Neonates are widely known as a vulnerable patient population—especially critically ill and premature infants.1 This vulnerability has limited clinicians’ knowledge of moisture management products in the neonatal population that prevent pressure injuries. Recently, a survey of neonatal...
By Ivy Razmus, RN, PhD, CWOCN
How do nurses provide moisture management to prevent pressure injuries in neonatal patient populations? Somethings old and somethings new…
Neonates and Pressure Injuries
Neonates are widely known as a vulnerable patient population—especially critically ill and premature infants.1 This vulnerability has limited clinicians’ knowledge of moisture management products in the neonatal population that prevent pressure injuries. Recently, a survey of neonatal nurses from across the United States was conducted to find out what is being used for moisture management.2
This study was designed as a cross-sectional survey with a convenience sample of neonatal intensive care unit (NICU) nurses. A survey link was distributed electronically through websites, listservs, discussion boards, and newsletters to the National Association of Neonatal Nurses (NANN), the Academy of Neonatal Nurses (AAN), and WoundSource. There were 252 NICU nurses who completed the survey. Of the 252 responders, 251 had over 1 year of experience as an NICU nurse, 82% (n = 207/252) had greater than 5 years of experience, 41% (n = 103/252) worked in a level III NICU, and 56% (n = 141/252) worked in a level IV NICU.2
Neonatal Nurse Survey Results
Most participants, 69% (n = 173/252), reported that they used moisture management, 22% (n = 55/252) did not use moisture management, and 10% (n = 24/252) responded “maybe.” Moisture management was reported for the following sites: perineum, 17% (n = 43/252); buttocks area, 17% (n = 44/252); skin folds, 11% (n = 27/252); around medical devices, 10% (n = 25/252); and “other,” 22% (n = 55/252). The frequency of moisture management reported by participants was “always” in 54% (n = 135/252), “usually” in 17% (n = 44/252), “sometimes” in 16% (n = 39/252), and “never” in 12% (n = 31/252).2
The most frequently used moisture barrier products were petrolatum-based products (Vaseline, Unilever, London, UK) and stoma powders (Stomahesive powder, ConvaTec, Bridgewater, NJ), followed by Aquaphor Healing Ointment (Beiersdorf Inc, Hamburg, Germany) and Phytoplex Z-Guard Protectant Paste (Medline, Mundelein, IL). Various other barrier products such as wipes and creams were identified (some were identified only by the manufacturer’s name). In addition, other powders, such as nystatin powder, were used in skin folds and creases.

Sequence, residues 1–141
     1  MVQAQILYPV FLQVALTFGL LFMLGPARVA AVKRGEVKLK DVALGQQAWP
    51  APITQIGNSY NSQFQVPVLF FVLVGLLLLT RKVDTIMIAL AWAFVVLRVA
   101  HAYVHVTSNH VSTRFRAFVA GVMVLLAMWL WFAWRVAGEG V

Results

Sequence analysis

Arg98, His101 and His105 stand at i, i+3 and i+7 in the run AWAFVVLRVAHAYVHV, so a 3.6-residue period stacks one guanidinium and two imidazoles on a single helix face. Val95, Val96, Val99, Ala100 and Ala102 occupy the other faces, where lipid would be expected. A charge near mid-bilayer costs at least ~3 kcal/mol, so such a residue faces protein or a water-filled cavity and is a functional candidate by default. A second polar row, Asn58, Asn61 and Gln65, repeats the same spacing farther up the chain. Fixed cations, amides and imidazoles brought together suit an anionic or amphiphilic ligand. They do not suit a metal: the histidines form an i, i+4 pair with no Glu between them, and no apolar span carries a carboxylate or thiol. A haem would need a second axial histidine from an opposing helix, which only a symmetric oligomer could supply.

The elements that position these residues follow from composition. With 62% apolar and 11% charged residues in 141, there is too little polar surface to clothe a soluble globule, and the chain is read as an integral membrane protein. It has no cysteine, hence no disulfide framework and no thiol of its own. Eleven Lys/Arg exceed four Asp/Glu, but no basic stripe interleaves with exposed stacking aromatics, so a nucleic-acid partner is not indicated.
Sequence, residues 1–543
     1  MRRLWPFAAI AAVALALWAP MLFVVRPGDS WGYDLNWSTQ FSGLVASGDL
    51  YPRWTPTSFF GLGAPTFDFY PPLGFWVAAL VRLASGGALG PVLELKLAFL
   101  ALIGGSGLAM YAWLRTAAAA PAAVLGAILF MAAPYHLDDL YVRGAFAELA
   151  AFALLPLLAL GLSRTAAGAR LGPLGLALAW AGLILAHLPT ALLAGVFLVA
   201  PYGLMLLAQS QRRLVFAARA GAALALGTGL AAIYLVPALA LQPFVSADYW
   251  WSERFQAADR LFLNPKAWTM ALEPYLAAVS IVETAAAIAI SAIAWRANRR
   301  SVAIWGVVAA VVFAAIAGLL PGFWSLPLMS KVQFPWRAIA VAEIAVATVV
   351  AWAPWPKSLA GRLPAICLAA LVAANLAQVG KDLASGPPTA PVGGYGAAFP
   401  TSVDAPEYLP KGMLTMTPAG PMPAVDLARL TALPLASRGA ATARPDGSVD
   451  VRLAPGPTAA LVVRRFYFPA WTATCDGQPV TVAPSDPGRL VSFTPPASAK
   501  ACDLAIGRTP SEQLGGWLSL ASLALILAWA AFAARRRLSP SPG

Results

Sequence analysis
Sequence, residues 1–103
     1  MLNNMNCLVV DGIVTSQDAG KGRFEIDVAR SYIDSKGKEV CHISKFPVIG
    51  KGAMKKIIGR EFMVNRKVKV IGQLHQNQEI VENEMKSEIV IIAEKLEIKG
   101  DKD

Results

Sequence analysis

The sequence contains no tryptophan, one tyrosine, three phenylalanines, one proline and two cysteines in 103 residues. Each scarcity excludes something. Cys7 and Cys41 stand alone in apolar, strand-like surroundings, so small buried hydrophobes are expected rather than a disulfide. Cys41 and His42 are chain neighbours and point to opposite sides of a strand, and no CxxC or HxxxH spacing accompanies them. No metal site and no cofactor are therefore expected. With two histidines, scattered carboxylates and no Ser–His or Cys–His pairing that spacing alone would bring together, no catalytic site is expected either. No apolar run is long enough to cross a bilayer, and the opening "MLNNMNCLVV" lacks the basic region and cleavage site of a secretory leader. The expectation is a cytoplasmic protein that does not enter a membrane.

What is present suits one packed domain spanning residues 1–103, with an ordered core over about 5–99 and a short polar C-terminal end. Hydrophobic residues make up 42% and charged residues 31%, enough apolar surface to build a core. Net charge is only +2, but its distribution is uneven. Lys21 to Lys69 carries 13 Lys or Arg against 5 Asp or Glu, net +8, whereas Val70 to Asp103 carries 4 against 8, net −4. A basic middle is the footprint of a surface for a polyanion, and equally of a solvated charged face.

Future studies are needed to determine the use of moisture management strategies in response to the possibility of pressure injuries in the neonatal population. Neonatal skin is different, even within its own population, because of variation in skin development and prematurity. Interestingly, petroleum-based products and stoma powders have been used for a long time. Newer products may not have been reported because neonates absorb products through their skin, and there are limitations on evidence to support use in this vulnerable population.
1. Razmus I, Lewis L, Wilson D. Pressure ulcer development in infants: state of the science. J Healthc Qual. 2008;30(5):36-42.
2. Razmus I, Keep S. Neonatal intensive care nursing pressure injury prevention practices: a descriptive survey. J Wound Ostomy Continence Nurs. 2021;48(5):394-402.
About the Author
Ivy Razmus, RN, PhD, CWOCN is an Assistant Professor at the University of Detroit Mercy where she is currently teaching in the BSN Nursing program. Her research focus is on pressure injury prevention for pediatric patients including neonatal patients. She has experience as a Manager of Pediatric populations both neonatal and pediatric intensive care; as a quality analyst within a health system focusing on nursing sensitive quality indicators and root cause analysis; and as a CWOCN in the acute, critical and outpatient settings in the adult population.
The views and opinions expressed in this blog are solely those of the author, and do not represent the views of WoundSource, Kestrel Health Information, Inc., its affiliates, or subsidiary companies